Plan to cut COVID lifeline a backward step for Tasmanian economy
- Deloitte report says removal of JobKeeper “pear shaped” for Tasmania
- TCCI and Labor calling on the government to outline a plan for the economy
- Gutwein should be lobbying his federal colleagues
Premier Peter Gutwein needs to be lobbying his Canberra colleagues to abandon their plan to withdraw Coronavirus stimulus packages as a Deloitte Access Economics Business Outlook report warns the move could cause the state’s economy to go pear shaped.
Labor Leader Rebecca White said the removal of JobKeeper payments and the coronavirus supplement would affect hundreds of Tasmanian businesses trying to stay afloat and keep thousands of workers in jobs in the fallout of the Covid-19 pandemic.
Ms White said the Tasmanian Chamber of Commerce and Industry had called on the government to outline its plan to support the economy when JobKeeper payments stop at the end of March.
“Early this month when the Morrison Government cut the JobKeeper payment, thousands of Tasmanian workers had their take-home pay slashed and hundreds of businesses were placed in jeopardy,” Ms White said.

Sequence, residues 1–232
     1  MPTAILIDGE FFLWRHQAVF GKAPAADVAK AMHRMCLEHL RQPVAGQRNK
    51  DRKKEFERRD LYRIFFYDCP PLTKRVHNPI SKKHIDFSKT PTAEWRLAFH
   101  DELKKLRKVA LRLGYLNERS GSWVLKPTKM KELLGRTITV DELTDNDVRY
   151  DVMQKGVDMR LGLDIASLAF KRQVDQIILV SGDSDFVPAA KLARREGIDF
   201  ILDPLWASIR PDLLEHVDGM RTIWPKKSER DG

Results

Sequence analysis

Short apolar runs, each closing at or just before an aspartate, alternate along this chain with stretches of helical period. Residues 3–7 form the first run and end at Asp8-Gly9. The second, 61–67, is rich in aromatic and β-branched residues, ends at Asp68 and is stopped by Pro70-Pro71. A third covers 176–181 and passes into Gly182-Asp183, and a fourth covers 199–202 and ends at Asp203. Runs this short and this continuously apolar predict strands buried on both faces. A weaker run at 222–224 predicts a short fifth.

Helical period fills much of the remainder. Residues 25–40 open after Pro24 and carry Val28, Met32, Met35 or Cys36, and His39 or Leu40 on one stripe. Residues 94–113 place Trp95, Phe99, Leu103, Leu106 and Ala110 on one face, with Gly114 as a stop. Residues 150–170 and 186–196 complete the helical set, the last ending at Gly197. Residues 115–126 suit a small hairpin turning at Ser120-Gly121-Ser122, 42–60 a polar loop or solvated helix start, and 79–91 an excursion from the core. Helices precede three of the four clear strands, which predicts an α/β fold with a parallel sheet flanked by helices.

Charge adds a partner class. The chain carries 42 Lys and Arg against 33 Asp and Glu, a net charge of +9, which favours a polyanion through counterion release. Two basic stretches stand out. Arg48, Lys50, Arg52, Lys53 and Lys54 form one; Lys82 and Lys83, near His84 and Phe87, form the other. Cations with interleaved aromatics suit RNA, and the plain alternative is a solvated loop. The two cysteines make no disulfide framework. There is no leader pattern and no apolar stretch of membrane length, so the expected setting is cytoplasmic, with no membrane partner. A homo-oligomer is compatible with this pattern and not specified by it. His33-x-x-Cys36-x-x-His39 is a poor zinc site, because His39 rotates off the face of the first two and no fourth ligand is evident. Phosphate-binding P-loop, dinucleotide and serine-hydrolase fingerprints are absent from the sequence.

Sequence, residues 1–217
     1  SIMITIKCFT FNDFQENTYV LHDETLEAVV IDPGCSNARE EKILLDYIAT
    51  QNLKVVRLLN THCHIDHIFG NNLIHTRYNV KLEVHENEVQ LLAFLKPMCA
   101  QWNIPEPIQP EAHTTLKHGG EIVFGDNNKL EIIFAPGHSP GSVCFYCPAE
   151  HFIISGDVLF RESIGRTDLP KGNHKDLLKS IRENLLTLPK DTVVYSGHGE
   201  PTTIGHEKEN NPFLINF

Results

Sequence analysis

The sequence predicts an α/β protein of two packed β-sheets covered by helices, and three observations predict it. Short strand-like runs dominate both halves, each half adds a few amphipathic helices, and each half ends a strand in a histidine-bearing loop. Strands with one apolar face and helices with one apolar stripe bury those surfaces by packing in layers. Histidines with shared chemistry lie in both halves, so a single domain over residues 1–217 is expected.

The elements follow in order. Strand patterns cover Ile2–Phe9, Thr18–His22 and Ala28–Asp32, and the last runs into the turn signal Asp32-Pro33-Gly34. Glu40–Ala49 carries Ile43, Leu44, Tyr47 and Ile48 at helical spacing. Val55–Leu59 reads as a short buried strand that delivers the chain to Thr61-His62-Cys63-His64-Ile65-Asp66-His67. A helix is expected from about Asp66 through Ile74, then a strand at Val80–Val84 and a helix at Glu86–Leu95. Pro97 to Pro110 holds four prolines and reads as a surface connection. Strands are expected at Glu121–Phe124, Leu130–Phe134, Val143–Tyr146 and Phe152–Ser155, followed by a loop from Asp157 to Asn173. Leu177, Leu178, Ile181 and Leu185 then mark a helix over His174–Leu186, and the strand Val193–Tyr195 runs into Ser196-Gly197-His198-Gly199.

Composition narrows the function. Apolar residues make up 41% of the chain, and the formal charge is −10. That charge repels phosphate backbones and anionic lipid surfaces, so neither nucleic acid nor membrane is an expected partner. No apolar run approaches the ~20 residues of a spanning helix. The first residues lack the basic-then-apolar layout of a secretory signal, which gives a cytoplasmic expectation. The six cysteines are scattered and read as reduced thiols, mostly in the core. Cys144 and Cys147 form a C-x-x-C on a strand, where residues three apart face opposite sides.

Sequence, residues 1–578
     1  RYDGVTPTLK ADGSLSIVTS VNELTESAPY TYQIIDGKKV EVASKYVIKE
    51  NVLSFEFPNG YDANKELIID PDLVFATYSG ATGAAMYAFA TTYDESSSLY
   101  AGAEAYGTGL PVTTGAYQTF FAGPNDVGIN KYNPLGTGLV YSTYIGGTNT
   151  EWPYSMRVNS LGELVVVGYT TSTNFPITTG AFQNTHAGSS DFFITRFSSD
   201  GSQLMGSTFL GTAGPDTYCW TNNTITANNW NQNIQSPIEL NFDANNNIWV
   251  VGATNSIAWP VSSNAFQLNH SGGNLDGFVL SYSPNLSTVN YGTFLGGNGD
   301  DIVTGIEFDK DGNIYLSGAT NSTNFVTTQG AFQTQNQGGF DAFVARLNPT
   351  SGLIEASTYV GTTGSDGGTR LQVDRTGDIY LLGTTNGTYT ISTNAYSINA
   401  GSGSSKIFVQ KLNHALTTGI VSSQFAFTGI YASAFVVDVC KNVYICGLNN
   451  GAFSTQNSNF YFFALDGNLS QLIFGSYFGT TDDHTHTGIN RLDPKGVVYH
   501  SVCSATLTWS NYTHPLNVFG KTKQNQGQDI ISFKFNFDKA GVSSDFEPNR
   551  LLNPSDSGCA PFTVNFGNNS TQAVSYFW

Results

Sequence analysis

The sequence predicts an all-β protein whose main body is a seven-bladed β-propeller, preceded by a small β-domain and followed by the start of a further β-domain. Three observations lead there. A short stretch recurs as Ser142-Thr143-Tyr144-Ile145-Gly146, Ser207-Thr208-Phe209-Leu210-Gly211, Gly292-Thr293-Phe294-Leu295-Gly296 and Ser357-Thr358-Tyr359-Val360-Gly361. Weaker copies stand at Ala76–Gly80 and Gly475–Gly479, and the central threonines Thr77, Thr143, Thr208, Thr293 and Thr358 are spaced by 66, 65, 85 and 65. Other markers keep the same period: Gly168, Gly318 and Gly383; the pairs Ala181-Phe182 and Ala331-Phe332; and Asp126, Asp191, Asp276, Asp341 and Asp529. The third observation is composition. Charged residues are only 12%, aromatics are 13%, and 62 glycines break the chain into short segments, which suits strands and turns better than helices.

“At the same time JobKeeper is reduced to zero from March, cutting the coronavirus supplement and JobSeeker will remove $250 million from the Tasmanian economy.
“The Deloitte report clearly states that JobKeeper and Jobseeker have been crucial in helping to keep Tasmanian businesses alive and when they are removed there’s a real risk that the economy could go pear shaped.
“I would urge Peter Gutwein to pick up the phone and talk to the Prime Minister about how critical these payments are to Tasmania and appeal with him to stop the cuts.
“Our unemployment rate is approaching eight per cent and youth unemployment is hovering at the 20 percent mark – by far the worst in the country – and Tasmania is in desperate need of a comprehensive plan to get people back to work, a plan the Gutwein Government has not delivered.
“Labor’s Working for Tasmania jobs plan will deliver jobs for 35,000 Tasmanians.
“It provides much-needed support to help the tourism, hospitality and arts sectors get back on their feet by reconnecting people with venues, events and places, funding important infrastructure upgrades and investing in training to deliver the workforce needed in recovery.”
Rebecca White MP